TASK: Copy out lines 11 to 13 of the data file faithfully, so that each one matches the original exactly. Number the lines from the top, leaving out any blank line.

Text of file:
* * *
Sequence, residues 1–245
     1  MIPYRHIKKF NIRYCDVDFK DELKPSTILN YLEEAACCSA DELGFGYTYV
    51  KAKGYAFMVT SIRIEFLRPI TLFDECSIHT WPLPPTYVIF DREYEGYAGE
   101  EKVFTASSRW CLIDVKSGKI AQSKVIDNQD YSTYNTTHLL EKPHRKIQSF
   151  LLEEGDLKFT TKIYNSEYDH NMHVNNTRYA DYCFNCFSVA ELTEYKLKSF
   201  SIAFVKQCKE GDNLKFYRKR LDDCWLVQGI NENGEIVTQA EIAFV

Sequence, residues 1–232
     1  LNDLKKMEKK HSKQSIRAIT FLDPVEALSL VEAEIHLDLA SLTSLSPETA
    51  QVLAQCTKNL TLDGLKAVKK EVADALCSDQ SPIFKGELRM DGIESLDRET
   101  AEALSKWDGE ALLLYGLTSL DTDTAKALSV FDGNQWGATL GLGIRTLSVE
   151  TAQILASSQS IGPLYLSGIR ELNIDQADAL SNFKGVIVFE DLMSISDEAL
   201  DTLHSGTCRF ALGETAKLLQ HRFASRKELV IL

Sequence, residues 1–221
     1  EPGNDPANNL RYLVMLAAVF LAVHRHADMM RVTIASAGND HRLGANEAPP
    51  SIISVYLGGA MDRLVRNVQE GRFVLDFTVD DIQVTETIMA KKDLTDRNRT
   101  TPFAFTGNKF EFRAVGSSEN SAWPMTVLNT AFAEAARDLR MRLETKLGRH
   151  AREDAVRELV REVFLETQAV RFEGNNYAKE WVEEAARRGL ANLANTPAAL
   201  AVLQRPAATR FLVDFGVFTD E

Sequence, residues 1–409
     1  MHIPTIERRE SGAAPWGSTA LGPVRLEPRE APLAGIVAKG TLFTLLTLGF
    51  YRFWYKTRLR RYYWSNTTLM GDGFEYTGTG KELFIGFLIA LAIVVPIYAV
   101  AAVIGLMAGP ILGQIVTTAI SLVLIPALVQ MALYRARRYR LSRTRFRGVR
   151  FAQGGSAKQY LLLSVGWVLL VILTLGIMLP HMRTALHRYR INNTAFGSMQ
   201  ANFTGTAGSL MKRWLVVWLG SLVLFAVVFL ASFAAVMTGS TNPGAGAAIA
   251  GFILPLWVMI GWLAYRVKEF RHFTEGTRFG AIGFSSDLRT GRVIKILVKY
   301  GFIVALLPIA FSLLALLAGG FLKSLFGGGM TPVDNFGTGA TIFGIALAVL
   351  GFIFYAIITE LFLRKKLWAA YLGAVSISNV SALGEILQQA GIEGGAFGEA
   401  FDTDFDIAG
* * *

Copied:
   151  TAQILASSQS IGPLYLSGIR ELNIDQADAL SNFKGVIVFE DLMSISDEAL
   201  DTLHSGTCRF ALGETAKLLQ HRFASRKELV IL

Sequence, residues 1–221